With her unflinching focus on what we lost with the women's movement, Flanagan has drawn heavy fire from many working mommies and their ilk. But the book is so inflammatory in part because of its uncomfortable-but-tough-to-dispute observations. For instance, at the end of a chapter examining our tendency to farm out domestic chores once handled by housewives, Flanagan notes: "What's missing from so many affluent American households is the one thing you can't buy: the presence of someone who cares deeply and principally about that home and the people who live in it."

Of course, it's not only affluent households missing this nurturing figure. Moving down the income ladder, the issue of moms working may be more about economic need than personal fulfillment, but the result is the same. And, before we blame this entire mess on mom's selfish insistence on a career, keep in mind that even today's full-time mommies bear little resemblance to the housewives of yore. As Flanagan points out, just note the difference in nomenclature. A huge chunk of today's "stay-at-home moms" are home because they are utterly devoted to raising perfect, perfectly adjusted children; but, with all the music lessons, soccer practices, and tumbling camps for the kids, they often have as little (maybe even less) time to devote to their houses and marriages as do their working counterparts. In these households, as surely as in those of hard-charging careerist mommies, gone is the kind of woman who greeted her husband at the door each evening with a kiss and a cold martini, assured him that the homefront was under control, and insisted that he tell her all about his day in the trenches.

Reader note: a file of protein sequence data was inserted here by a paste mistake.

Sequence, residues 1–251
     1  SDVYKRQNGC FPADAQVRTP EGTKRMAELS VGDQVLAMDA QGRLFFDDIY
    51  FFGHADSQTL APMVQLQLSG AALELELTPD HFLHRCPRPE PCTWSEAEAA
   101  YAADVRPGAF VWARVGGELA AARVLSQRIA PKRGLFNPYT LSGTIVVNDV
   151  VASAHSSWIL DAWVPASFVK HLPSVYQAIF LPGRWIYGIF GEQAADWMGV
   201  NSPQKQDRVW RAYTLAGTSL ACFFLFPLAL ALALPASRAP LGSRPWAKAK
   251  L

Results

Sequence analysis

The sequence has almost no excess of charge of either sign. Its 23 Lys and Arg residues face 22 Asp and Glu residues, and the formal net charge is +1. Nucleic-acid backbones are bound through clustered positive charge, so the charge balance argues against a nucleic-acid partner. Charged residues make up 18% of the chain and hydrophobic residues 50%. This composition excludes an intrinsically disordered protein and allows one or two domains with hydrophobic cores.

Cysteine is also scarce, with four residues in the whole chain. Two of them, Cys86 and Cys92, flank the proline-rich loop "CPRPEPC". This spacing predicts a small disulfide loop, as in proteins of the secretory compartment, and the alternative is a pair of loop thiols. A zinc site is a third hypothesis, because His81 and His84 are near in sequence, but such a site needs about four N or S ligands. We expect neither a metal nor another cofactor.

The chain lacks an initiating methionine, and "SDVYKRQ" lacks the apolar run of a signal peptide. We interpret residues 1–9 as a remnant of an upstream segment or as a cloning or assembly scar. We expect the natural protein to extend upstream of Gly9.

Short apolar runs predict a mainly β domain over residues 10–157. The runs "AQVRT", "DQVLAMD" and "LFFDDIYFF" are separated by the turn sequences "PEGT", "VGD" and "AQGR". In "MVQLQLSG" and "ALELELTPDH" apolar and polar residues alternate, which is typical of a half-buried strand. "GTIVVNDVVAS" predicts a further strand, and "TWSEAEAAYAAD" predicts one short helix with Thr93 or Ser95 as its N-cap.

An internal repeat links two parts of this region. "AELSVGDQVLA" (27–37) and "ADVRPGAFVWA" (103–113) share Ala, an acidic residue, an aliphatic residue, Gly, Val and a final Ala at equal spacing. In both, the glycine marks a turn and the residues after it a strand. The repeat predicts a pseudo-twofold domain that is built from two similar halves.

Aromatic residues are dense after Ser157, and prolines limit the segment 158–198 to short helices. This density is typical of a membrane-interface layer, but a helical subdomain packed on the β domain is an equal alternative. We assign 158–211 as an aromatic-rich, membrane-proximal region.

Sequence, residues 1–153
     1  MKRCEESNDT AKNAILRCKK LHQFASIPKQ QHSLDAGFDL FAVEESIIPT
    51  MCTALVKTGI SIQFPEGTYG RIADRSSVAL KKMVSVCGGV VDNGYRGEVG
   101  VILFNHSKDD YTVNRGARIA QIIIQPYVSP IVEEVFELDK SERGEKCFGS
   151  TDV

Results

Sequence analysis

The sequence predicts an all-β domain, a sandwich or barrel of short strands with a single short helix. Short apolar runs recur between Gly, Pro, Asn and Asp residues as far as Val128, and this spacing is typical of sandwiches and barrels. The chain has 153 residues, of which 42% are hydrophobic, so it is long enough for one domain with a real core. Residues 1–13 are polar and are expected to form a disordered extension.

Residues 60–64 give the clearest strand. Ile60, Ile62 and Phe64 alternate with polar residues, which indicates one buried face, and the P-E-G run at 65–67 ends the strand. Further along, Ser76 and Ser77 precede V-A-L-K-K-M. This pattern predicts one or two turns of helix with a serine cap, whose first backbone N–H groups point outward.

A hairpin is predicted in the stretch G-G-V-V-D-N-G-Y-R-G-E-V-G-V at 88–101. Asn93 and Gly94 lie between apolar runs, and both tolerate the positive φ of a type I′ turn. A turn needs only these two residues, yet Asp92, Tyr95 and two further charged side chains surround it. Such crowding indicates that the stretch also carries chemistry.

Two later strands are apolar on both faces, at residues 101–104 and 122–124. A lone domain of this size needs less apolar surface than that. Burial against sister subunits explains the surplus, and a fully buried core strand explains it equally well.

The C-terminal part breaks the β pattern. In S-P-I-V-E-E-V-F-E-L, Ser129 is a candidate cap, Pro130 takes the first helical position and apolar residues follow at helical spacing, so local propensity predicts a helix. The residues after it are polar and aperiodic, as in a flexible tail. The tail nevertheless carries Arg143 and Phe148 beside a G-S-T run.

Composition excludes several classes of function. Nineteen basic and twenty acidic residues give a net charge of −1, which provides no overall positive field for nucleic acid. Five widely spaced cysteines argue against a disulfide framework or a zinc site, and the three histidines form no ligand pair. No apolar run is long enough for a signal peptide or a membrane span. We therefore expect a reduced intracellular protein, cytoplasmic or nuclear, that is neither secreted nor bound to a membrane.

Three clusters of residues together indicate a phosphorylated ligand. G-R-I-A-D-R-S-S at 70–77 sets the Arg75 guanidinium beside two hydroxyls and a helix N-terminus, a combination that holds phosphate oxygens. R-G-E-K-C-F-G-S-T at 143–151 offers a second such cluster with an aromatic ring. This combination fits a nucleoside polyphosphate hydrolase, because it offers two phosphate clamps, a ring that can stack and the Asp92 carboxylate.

It is into this breach that an extra wife could step. Better still, since the kind of multi-spouse arrangement I'm envisioning isn't about maximizing the number of offspring, one could just as easily have a household with two husbands. Indeed, the key to this brand of polygamy would be to make clear up front that the second-spouse slot was for a woman or man specifically not interested in procreating. After all, how could you save labor with two full families' worth of kids but not two full families' worth of parents?

Obviously, this kind of life wouldn't be for everyone. The search for a less self-abnegating existence is, after all, what destroyed the institution of housewifery to begin with. But maybe with a bit of clever marketing, you could appeal to men and women looking to indulge their inner domestic goddess--or simply to find stable companionship--without the strain of bearing all the responsibilities of spousehood alone.

Despite the obvious advantages of an extra spouse, some couples might be a tad skittish about jumping into anything so permanent as a second marriage. Never fear: For them, I have an alternative solution proffered by a Georgetown student responding to a blog item I recently wrote on this subject. What I seemed to be advocating, noted the student, wasn't a full-fledged second spouse so much as a marital intern--unpaid, naturally, as all good interns are. Now that is exactly the kind of outside-the-box thinking my husband and I could use at our house. Just give us a call, kid. We've got a pile of laundry and a defrosted pork roast awaiting your tender ministrations. And we both like our martinis made with gin, not vodka. We're traditional that way.

Michelle Cottle is a senior editor of The New Republic.